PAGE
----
In Chimney Corners. Merry Tales of Irish Folk Lore

by Seumas MacManus

illustrated by Pamela Colman Smith

Doubleday & McClure Co., New York, 1899

Here is the earliest book I have with illustrations by Pamela Colman Smith. First off, the cover shots:

The first thing of course to notice is that dratted duct tape! I'll be working on getting it off so we all can see the "rest of the picture" and if there is anything special on the spine. This was an ex-library book and for being more than 100 years old, is in mighty fine shape. Some of the pages are cracking a bit but the illustrations are in wonderful shape.

Here's what the whole cover looks like. I found another copy of the book.

Next we come to the frontis-piece and title page:


The colors on this first illustration are very vivid (as they all are). Already we can see the flowing line that distinguishes Pamela's artwork The color illustration is from the last tale in the book The Giant of the Band Beggar's Hall - "So the Giant Blew a Whistle". On the title page we can see the period/dot after the title that shows up in the titles of the Tarot Majors and Court Cards.

The next illustrations are from Billy Beg and the Bull - "She Consulted with a Hen Wife" and "The Hen Wife's Ducks".

Note the castle in the background and the patterned dress.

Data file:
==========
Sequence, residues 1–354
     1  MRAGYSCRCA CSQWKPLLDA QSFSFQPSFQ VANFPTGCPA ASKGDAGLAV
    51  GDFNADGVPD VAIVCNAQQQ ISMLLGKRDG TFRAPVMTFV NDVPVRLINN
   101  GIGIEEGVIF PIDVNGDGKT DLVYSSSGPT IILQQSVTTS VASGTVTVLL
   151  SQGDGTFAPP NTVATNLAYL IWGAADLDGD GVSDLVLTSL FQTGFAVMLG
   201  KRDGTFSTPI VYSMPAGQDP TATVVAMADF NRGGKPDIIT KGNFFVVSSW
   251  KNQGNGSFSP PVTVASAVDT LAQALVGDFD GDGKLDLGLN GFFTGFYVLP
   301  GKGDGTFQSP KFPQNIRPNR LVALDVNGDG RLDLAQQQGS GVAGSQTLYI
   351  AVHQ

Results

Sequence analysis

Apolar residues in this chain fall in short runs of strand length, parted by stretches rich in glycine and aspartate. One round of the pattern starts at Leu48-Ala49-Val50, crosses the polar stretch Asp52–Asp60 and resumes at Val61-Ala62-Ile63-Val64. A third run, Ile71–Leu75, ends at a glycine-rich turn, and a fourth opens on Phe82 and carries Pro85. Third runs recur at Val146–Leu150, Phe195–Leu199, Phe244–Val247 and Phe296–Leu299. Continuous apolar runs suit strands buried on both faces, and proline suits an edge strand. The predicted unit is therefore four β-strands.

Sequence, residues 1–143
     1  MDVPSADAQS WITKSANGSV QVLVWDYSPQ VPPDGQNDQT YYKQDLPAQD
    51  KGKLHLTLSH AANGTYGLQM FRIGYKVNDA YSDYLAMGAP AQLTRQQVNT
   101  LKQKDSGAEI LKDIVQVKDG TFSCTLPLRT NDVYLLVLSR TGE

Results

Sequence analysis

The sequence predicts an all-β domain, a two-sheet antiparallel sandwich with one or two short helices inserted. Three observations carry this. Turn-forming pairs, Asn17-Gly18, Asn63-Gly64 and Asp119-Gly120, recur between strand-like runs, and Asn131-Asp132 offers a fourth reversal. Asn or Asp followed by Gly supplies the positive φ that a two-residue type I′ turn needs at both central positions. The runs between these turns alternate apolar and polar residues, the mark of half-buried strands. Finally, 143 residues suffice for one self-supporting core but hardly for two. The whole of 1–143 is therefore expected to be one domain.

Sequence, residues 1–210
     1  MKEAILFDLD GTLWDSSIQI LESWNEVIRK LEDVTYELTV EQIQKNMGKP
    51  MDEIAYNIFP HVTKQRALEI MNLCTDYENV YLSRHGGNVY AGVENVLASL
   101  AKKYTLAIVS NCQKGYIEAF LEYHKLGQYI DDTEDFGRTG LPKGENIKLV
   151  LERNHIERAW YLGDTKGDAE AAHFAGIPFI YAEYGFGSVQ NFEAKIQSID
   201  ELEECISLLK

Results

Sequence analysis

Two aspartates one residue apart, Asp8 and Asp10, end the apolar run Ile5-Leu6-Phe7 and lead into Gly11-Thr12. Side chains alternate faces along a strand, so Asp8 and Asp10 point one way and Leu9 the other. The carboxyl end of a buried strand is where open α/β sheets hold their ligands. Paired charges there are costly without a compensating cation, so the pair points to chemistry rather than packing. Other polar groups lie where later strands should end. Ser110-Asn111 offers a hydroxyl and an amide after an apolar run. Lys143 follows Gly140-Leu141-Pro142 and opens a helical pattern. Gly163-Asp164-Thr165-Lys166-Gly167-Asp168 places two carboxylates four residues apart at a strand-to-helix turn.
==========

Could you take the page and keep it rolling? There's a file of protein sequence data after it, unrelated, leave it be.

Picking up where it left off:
The next illustrations are from the story Murroghoo-More and Murroghoo-Beg - those named characters:


Now comes the tale of the Queen of the Golden Mines and the illustration "Then Jack Went into the Castle" Click here to read this story:


In the story Shan Ban and Ned Flynn, the illustration of "What Does He See but the Fairy" appears:


The Black Bull has the illustration of "When the Prince Returned He Demanded the Keys":


Rory the Robber shows the illustration of "Of Course a Dance was Started":


Next, in Nanny and Conn, comes the illustration of "There was the Dirtiest and Wrinkledest Old Woman":


The Apprentice Thief has a line drawing of '"Now Billly Brogan," says the King':


In Manis the Besom Man there is a line drawing of "It's a half-crown, by the toss o' war!":


The final color illustration is from Jack and the King, "Ye Never Saw More Wonderful Beanstalks". There is also a line drawing of "The Queeny Bee":


The very last line drawing is from Giant of Band Beggar's Hall, "The Fish Wagging Their Tails" (which is also appropriately titled a 'tailpiece'):


And that's the set of illustrations from this book. I should get around to reading it, but it just arrived and I'll update this page when I get through it.

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